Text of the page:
Backstage with Crew Nation: Live Nation Urban

As we settle into month 8 of quarantine, we’re missing a lot of things: Our friends and family, live shows, social interaction…but we’re grateful for the important conversations that are happening surrounding Black Lives Matter and the changes we want to see in a post-COVID landscape.
In this episode of Backstage with Crew Nation, Live Nation Urban President Shawn Gee leads a roundtable discussion with some top touring industry pros. They're all founders and CEOs of their own production companies and they have resumes that are MILES long.
From Jay-Z to Prince to Eminem to Mary J Blige (seriously, it’s a lengthy list) they’ve worked with the biggest and the best. Join Curtis Battles, Tina Farris, Victor Reed Sr. and Michael “Huggy” Carter as they discuss diversity (and lack thereof) in the concert industry, their roles as well as artist involvement, solutions being put into action and what they hope for in a post-COVID world. Take a look:
Backstage with Crew Nation: Live Nation Urban
Shawn Gee: Why aren't there more black people in production?
Victor Reed Sr.: All the jobs that I've ever gotten the opportunities, were based on a direct relationship that I have either with the artists or management. And most of those artists who've given me opportunities have been black. Being that we have been able to navigate in this business on a level that we have, it hadn't stopped us from working or making a successful career and a positive brand for ourselves. But to answer your question, why we don't see us on some of those other tours, is because the team that's behind there, are not looking for us to fill those voids and those positions.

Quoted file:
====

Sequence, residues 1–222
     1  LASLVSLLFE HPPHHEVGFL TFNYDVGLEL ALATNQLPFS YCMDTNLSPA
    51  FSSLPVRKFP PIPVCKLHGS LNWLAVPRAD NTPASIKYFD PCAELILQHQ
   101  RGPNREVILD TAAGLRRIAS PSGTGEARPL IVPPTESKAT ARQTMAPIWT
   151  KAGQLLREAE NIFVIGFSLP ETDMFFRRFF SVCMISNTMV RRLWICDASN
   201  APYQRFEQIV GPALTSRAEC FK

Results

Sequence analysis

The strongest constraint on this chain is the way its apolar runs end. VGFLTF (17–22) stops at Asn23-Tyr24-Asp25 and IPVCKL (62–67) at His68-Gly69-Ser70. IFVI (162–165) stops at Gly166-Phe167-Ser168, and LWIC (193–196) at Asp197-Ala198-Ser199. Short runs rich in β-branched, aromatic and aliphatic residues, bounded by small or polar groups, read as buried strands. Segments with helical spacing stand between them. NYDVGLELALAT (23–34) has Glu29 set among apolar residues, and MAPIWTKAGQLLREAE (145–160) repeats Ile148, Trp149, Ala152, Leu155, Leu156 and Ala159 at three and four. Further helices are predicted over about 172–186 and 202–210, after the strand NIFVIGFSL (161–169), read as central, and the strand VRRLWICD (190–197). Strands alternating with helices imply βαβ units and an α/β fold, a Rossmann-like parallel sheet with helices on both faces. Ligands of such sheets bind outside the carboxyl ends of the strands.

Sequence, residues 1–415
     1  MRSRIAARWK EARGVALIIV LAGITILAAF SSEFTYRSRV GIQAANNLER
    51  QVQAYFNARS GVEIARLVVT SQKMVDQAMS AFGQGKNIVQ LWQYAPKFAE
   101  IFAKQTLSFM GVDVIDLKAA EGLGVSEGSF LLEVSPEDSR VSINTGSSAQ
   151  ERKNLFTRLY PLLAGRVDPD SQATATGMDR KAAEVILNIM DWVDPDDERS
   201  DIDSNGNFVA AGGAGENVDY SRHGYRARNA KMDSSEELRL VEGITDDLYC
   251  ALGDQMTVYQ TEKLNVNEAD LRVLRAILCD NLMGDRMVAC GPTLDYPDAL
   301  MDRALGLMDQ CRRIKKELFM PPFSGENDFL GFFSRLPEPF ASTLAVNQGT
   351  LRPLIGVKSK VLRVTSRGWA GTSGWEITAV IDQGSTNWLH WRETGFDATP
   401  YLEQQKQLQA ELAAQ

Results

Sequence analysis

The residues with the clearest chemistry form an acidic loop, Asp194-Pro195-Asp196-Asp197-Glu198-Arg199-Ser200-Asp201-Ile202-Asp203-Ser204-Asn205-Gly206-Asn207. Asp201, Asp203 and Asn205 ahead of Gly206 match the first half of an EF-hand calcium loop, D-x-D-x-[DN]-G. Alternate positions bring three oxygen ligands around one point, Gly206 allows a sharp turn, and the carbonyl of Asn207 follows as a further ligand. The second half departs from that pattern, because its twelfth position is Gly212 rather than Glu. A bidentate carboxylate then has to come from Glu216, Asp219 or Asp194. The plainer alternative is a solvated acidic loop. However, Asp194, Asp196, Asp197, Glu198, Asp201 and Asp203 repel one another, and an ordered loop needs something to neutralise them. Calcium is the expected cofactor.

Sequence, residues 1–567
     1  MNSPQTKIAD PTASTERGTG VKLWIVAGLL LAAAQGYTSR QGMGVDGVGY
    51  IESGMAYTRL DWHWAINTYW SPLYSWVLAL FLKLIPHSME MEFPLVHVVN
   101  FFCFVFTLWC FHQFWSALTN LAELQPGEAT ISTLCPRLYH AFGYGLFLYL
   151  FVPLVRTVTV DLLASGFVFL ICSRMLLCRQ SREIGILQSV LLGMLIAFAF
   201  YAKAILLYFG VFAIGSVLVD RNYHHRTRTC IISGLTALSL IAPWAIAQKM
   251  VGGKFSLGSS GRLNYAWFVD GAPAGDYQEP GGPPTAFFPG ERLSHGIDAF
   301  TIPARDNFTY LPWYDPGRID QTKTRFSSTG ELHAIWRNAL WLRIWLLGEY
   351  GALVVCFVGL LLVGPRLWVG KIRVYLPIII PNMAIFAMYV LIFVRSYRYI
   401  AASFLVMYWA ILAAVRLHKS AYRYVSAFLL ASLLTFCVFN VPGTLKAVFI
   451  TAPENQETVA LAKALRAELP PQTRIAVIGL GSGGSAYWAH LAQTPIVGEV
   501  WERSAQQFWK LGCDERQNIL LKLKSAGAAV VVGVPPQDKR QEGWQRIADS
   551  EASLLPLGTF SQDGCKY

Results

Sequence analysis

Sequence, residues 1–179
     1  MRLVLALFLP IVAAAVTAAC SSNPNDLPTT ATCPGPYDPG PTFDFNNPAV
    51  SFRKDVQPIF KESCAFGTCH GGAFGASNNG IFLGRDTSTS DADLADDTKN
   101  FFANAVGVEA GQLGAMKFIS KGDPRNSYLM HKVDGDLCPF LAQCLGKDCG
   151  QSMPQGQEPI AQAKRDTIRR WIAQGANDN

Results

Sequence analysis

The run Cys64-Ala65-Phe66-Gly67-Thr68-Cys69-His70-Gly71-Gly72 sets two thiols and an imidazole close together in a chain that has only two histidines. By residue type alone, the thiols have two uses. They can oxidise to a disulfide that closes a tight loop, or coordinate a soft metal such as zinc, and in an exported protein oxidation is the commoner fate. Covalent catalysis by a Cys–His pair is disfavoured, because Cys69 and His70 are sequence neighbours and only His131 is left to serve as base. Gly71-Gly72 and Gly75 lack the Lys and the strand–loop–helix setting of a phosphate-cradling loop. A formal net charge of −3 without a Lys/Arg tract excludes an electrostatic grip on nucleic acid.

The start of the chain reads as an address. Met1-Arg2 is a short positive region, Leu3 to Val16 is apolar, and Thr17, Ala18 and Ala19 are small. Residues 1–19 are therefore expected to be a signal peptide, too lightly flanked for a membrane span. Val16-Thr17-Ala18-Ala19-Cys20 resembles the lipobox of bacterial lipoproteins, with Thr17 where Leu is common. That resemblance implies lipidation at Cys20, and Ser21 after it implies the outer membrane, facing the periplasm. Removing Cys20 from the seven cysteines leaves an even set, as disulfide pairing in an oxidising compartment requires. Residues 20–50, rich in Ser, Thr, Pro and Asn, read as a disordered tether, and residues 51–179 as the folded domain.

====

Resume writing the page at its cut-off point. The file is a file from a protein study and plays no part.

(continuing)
Tina Farris:
I believe some of it is just people don't even see you. You know what I mean? I can't even say people are just racist, which that happens too. But a lot of racism is just, "I don't even see you. I don't have no black friends. I don't know why there's no black people, 'cause I don't know no black people."

Shawn Gee: What responsibility do you feel the artist has, when they walk into an arena or a room or rehearsal to look around and say, "Wait a minute, time out."
Curtis Battles: Early nineties, I started working with MC Hammer. He told the production manager, he says, "If I'm paying people, I wanna see color faces in every department.” And that's where my eyes really started opening up on more diversity in this industry.
Michael “Huggy” Carter: Now you have a lot of artists that are very active in what happens around them. They pay attention. Most artists don't pay attention. All they know is when they walk in, that it works. They don't know who put it together. And I think that most black artists should look at who's on their team.
Tina Farris: I think it's not only up to the artists, but it's also up to if we're in this space, educating the artist on, "Hey, you know, black people do this too."
Shawn Gee: Educating the artist is going to be important to sort of pushing through this, and making sure that those decisions are made.
Vic Reed: Now I think right now we're in a different climate, you know, just based on what has transpired this year with Black Lives Matters and everything. So maybe we have a new day hopefully, and things will change.
Shawn Gee: One of the initiatives that my team at Live Nation Urban, we're working on Bill Reeves and Roadies of Color, they have an amazing database of production individuals that folks can hire, right. Then there's Jerome Crooks, he has a database and Noelle Scaggs. And so what we're going to do is build this, you know, for lack of a better term "Black Tour Directory,” where we're combining all of these individual databases of black tour managers, production managers, stage techs, lighting designers, you know, makeup artist, all of these individuals that are black, that are in this game and that are great on what they do. Once that resource is created, I can only speak for the company that I'm partnered with, I'm gonna hold them accountable. You know, 'cause now you can no longer say, "I don't know any.” I can speak for what I can do personally. But I think if we all do that, if we take some of these coalitions that are being formed, you know, these labels, these artists, these agencies, and say, look, "Here's the resource, here's thousands.” You know, now you have to choose, you know, you have to, there's no choice.